Research unveils mystery of HIV’s death pathway
Virus strains affect CD8 T-cells differently
Why do some HIV-infected people suddenly develop full-blown AIDS after harboring the virus for years without showing many symptoms?
In a study reported in the Sept. 10 issue of Nature, a group of microbiologists suggests that strains of the AIDS virus appear to use the immune system’s own virus-fighting capabilities to trigger a mass suicide of immune cells.1
The immune cells, called CD8 T-cells, are often referred to as "killer" T-cells and are the body’s primary disease-fighting weapon. The number of CD8 cells remains very stable until one or two years before the onset of AIDS. A massive death of CD8 cells will exhaust the patient’s immune system and increase the risk of pneumonia and other infections that lead to death.
In laboratory experiments conducted thus far, researchers have identified the means by which the virus affects the CD8 cells, and at least one HIV strain that seems to trigger the dramatic cell suicide.
The findings could help drug makers identify new ways to prevent the virus from attacking CD8 cells, says George Herbein, MD, PhD, assistant professor of internal medicine at the University of Texas Medical Branch at Galveston. "Even more importantly, patients receiving current vaccines that involve the gp120 envelope protein should be closely monitored for effects on CD8 T-cells," adds Herbein. (See related story, p. 133.)
The missing link
Researchers have long known that HIV infects one type of immune cell — the CD4 or "helper" T-cell — by locking onto a molecule on the cell wall and invading the cell. Measurements of CD4 cell levels are used as a marker of a patient’s pro gress. High levels of T-cells are a good sign; low levels indicate advancing disease. Levels of the virus-fighting CD8 cells, thought to have better protection from HIV, also have been used as an indicator of how well the body is fending off the AIDS virus.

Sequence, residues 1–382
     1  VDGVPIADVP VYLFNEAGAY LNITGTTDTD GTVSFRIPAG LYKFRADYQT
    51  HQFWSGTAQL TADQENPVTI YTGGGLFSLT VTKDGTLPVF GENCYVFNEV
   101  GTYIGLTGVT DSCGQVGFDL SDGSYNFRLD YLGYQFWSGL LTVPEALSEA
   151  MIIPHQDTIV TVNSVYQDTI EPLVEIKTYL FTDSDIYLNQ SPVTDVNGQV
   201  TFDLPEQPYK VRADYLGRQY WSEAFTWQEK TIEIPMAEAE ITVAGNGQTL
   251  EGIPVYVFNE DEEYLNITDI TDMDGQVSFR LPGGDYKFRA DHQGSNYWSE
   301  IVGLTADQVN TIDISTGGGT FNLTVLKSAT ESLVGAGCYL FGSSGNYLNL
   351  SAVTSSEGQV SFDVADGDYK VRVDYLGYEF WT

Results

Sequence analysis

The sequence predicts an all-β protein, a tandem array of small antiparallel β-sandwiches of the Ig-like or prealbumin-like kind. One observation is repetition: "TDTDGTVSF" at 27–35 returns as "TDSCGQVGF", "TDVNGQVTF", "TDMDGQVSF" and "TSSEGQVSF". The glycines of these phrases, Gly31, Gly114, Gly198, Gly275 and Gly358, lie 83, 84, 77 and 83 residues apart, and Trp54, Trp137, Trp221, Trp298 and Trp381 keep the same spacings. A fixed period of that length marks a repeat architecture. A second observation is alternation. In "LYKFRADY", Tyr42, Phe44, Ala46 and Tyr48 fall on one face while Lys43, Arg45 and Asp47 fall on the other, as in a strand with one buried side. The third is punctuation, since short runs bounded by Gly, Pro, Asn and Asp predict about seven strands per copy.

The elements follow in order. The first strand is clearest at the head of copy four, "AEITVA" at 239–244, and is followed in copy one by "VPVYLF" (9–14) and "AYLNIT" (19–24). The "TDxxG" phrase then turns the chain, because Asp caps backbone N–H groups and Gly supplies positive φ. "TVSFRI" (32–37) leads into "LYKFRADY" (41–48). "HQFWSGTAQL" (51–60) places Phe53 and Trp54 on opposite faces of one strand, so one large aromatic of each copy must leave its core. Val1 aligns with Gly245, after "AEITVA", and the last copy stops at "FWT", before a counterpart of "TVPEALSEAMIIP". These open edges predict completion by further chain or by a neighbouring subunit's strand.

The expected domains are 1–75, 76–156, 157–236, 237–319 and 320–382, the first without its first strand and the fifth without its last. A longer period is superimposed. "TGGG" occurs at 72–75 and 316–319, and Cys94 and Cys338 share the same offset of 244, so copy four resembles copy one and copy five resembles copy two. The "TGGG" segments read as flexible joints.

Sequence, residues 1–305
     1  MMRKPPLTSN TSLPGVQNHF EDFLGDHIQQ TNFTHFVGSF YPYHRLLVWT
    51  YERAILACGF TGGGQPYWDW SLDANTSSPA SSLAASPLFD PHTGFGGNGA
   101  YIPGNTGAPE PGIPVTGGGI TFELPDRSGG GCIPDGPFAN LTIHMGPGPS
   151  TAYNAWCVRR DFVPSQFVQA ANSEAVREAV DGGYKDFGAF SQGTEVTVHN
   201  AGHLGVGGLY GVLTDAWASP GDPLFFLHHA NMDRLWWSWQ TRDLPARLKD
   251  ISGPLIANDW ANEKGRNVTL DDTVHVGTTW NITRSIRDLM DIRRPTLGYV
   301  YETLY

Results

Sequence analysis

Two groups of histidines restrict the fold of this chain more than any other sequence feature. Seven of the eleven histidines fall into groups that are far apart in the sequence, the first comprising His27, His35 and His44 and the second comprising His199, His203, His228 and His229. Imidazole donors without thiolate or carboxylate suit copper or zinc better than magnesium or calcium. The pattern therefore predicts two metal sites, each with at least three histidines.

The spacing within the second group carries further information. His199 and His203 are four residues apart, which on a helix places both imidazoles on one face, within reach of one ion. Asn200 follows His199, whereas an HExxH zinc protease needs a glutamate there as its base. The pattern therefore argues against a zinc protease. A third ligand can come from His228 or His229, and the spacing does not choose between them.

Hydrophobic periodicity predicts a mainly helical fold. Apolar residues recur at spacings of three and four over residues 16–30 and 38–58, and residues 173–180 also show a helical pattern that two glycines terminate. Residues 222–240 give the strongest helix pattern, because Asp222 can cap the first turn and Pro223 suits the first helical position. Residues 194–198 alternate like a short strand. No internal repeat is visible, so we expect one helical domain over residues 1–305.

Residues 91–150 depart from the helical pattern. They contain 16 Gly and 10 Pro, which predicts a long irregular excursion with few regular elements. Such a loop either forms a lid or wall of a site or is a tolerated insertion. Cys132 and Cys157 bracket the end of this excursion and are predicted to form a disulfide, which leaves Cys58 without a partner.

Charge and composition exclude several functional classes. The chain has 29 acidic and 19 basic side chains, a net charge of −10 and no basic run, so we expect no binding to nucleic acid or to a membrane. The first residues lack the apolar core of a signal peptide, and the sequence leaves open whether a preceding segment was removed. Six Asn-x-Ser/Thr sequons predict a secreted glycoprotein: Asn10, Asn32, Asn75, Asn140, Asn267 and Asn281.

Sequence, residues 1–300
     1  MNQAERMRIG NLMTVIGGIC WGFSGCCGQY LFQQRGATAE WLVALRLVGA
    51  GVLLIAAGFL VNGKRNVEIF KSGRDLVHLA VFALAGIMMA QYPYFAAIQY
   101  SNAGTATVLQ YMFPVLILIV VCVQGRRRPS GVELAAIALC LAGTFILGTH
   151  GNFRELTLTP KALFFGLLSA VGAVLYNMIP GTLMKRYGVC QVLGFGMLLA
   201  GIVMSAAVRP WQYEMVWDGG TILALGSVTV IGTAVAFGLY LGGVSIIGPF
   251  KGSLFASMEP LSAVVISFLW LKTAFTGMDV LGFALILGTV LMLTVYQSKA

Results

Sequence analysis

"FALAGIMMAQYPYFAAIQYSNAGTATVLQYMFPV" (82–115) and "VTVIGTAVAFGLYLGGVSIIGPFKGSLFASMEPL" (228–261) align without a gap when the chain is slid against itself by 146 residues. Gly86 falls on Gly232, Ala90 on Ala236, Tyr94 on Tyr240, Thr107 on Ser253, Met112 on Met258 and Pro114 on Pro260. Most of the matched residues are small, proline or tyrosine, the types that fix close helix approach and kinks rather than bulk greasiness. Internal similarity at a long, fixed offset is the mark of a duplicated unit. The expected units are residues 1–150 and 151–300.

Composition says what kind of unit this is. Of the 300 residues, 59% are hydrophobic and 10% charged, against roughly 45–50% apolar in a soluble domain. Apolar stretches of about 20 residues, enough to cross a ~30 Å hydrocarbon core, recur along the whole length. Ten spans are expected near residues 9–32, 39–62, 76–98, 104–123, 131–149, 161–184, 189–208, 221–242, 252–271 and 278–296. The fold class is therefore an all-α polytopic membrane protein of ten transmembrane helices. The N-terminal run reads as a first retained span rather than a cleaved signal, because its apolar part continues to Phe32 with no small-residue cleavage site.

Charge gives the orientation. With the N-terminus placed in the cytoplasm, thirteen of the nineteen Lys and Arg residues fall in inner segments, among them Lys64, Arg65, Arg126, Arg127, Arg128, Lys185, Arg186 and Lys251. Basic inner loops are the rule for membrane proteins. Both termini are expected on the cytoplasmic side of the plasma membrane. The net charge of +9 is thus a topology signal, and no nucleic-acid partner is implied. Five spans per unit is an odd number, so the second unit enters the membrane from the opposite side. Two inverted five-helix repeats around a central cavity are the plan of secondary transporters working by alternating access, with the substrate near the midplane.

However, the cause of the quick and massive death of CD8 cells has been a mystery. It is not understood how HIV can affect CD8 cells, because CD8 cells lack a key molecule known as the CD4 adaptor, which is present on helper T-cells and allows HIV to gain entry to a cell. CD8 cells are not infected by the AIDS virus, so researchers weren’t sure why CD8 cells died during HIV disease.
Researchers say the "death pathway" is a complex and dynamic process involving communication between CD8 T-cells and macrophages, another population of immune cells. They also found that different HIV strains affect CD8 cells differently.
A strain of virus known as syncytium-inducing (SI) strain, which appears late in the course of HIV infection, binds to a molecule known as CXCR4, which is present on both CD8 cells and on macrophages. This CXCR4 binding triggers apoptosis — death — in CD8 cells.
When SI strains are present with other strains of the virus, called non-syncytium-inducing (NSI) strains, CD8 cell death is more moderate. In the early stages of infection, patients generally have NSI strains. SI strains don’t appear until later in the disease.
Why should the death signal be sent in the first place? Researchers say the virus may reduce the immune system’s "social control" over its own cells. The regulation of programmed cell death, it seems, is coupled with the processes of cell differentiation, proliferation, and migration.
"Because CD8 T-cells are professional killers, they may do serious harm if they end up in the wrong place," says Jean Claude Ameisen,PhD, of Hopital Bichat/Universite Paris, in an essay accompanying the study.2 Also, because CD8 cells are thought to limit the spread of infection, the failure of the CD8 function could contribute to the development of AIDS, adds Herbein.
1. Herbein G, Mahlknecht U, Batiwalla F. Apoptosis of CD8+ T cells is mediated by macrophage through interaction of HIV gp120 with chemokine receptor CXCR4. Nature 1998; 395:189-194.
2. Ameisen J. Setting death in motion. Nature 1998; 395: 117-118.